15. The invention of claim 14 in combination with:
a receive beamformer coupled with the 2-D transducer array and operative to acquire multiple receive beam sets in response to the transmit beams, each receive beam set comprising multiple simultaneous receive beams.
16. The invention of claim 14 in combination with:
a 3-D processor coupled with the receive beamformer and operative to form a real-time, 3-D, medical diagnostic ultrasound image in response to the receive beams.
17. The invention of claim 15 wherein the 3-D processor comprises means for synthesizing additional receive beams in response to the receive beams acquired by the receive beamformer.
18. The invention of claim 16 wherein the 3-D processor comprises means for synthesizing additional receive beams spatially aligned with respective ones of the receive beams acquired by the receive beamformer.
19. The invention of claim 14 wherein the transmit beamformer comprises means for coding at least two of the simultaneous transmit beams in each transmit beam set with separate respective transmission codes.
20. The invention of claim 15 wherein the transmit beamformer comprises means for coding at least two of the simultaneous transmit beams in each transmit beam set with separate respective transmission codes, and wherein the receive beamformer comprises means for decoding two of the simultaneous receive beams.
21. The invention of claim 19 wherein at least two of the transmission codes are substantially non-interfering with one another.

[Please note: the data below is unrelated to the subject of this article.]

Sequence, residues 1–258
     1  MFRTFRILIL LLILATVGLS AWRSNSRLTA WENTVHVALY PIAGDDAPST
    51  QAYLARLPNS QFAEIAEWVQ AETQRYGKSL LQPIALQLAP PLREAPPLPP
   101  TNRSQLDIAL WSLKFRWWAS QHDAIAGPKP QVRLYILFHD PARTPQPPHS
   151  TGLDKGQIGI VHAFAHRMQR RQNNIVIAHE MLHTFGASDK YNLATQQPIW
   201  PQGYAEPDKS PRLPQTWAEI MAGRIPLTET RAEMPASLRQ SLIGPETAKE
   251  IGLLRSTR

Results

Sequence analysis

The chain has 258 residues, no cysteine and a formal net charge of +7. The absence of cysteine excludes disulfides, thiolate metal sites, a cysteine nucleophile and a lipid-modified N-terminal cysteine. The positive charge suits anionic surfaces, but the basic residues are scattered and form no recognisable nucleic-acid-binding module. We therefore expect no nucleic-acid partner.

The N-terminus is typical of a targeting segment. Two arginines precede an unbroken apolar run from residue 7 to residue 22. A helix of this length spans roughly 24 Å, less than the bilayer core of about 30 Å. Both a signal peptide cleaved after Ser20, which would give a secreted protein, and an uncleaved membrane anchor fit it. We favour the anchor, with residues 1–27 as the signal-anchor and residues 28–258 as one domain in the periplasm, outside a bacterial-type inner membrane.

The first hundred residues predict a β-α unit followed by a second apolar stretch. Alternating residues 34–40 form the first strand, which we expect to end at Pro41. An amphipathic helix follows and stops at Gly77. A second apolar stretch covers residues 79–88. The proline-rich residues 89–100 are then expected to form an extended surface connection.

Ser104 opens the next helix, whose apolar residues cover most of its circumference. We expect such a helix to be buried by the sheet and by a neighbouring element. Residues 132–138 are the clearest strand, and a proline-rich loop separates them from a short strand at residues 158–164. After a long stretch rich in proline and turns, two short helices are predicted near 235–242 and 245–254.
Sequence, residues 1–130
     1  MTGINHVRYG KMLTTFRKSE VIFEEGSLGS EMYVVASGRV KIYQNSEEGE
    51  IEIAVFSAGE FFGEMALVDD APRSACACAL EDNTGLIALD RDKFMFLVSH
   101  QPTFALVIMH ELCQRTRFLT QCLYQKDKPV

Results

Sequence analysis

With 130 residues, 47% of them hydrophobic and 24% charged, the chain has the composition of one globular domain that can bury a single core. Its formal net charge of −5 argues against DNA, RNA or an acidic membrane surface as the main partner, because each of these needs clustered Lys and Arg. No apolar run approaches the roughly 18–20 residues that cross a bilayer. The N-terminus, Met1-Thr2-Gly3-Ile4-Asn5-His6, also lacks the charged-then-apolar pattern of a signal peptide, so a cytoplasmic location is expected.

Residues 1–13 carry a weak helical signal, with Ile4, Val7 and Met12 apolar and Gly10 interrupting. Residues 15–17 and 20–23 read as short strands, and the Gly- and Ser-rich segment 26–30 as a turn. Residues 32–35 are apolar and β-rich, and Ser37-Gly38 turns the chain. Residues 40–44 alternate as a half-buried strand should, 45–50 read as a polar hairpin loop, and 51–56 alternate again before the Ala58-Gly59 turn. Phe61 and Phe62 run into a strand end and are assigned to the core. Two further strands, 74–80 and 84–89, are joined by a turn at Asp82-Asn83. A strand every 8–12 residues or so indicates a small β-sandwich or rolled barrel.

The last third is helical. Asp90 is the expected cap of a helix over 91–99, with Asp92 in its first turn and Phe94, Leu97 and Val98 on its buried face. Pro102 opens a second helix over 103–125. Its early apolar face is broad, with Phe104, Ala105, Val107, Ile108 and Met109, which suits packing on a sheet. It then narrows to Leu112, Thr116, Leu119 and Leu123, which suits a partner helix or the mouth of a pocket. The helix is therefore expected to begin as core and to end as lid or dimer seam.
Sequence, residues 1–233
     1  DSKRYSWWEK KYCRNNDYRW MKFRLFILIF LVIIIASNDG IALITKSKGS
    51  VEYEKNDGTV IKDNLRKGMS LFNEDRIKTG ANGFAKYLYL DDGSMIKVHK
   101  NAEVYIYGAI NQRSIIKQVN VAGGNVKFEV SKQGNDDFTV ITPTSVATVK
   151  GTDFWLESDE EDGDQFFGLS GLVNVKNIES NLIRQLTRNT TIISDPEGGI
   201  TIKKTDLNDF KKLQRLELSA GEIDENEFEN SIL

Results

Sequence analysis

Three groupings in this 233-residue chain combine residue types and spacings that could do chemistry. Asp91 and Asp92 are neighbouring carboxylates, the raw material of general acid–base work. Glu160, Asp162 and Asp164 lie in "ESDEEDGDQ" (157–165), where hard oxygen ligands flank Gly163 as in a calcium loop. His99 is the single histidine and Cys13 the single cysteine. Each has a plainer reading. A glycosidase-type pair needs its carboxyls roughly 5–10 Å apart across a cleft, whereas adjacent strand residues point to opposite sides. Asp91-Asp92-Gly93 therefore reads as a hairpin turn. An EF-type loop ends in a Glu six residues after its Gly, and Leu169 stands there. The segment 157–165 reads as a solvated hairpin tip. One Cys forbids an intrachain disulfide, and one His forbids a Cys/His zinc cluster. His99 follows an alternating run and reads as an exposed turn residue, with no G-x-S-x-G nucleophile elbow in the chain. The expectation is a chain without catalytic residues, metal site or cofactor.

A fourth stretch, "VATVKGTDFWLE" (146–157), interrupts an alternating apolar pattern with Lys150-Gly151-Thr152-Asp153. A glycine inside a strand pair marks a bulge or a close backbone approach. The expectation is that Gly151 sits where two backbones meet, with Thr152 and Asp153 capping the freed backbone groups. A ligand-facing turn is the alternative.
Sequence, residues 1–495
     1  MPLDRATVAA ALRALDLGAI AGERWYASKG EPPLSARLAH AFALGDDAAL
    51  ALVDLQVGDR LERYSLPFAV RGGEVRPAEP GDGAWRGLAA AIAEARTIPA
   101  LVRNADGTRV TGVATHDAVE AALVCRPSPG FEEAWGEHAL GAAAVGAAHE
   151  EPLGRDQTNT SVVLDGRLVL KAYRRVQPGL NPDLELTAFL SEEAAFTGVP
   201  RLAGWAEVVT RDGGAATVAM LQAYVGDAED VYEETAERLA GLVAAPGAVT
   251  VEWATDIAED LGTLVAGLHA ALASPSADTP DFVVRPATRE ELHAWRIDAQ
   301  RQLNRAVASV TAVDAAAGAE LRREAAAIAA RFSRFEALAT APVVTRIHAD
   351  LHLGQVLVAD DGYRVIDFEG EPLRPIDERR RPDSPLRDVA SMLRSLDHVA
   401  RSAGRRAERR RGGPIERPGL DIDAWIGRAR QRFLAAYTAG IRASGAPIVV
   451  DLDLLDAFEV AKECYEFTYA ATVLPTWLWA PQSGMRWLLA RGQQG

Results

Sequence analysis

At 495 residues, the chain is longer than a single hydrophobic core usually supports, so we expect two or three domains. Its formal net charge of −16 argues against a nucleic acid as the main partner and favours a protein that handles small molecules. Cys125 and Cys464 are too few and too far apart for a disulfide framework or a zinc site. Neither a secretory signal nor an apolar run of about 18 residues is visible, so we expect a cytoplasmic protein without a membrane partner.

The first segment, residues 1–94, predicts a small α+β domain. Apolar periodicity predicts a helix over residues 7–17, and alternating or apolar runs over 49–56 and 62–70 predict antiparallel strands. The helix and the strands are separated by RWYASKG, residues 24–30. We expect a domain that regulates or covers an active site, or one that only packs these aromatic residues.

22. The invention of claim 15 wherein one of the simultaneous receive beams comprises a null, and wherein at least one of the transmit beams is aligned with the null.
23. The invention of claim 15 wherein one of the simultaneous receive beams comprises a null, and wherein at least one of the receive beams is aligned with the null.
24. The invention of claim 14 wherein the transmit beams in each transmit beam set are separated by a plurality of transmit lines.
25. The invention of claim 14 wherein the transmit beamformer generates at least two of the transmit beams of each transmit beam set with separate respective transmit center frequencies.
26. The invention of claim 14 wherein the multiple simultaneous transmit beams of at least a first one of the transmit beam sets are directed in separate respective directions distributed in three spatial dimensions.
Description
BACKGROUND

This invention relates to medical diagnostic ultrasound imaging, and in particular to the real-time acquisition of 3-D ultrasound images.

Real-time 3-D ultrasound image acquisition relies on two-dimensional (2-D) transducer arrays to acquire ultrasound image data over a 3-D imaged volume in real-time.

The two-way transmit time for the acoustic pulse is the fundamental frame rate limiting parameter in ultrasound imaging. The problem of low frame rate becomes severe in three-dimensional real-time imaging. If the maximum imaging depth is 150 millimeters and the application requires 20 frames per second, then there are a maximum of about 256 transmit events per frame. The standard response to this problem is to use multiple receive lines per transmit event to achieve a higher spatial sampling rate.

One prior-art system marketed by Volumetrics uses a 16×16 transmit line firing pattern. A 4×4 receive line reception pattern is acquired for each transmit firing. This results in coarse sampling that has an adverse impact on image quality and that fundamentally limits resolution. The Volumetrics system currently operates with a 65° pyramid, rather than the 90° pyramid which is often preferred. The reduced field of view is at least partially used in order to improve frame rate, but a 65° pyramid is inherently limited in terms of clinical utility. When looking at a 2-D slice through the acquired 3-D volume, the approach taken by the Volumetrics system is equivalent to having used only 16 transmit beams and 16×4 (64) receive beams for each 2-D slice.

SUMMARY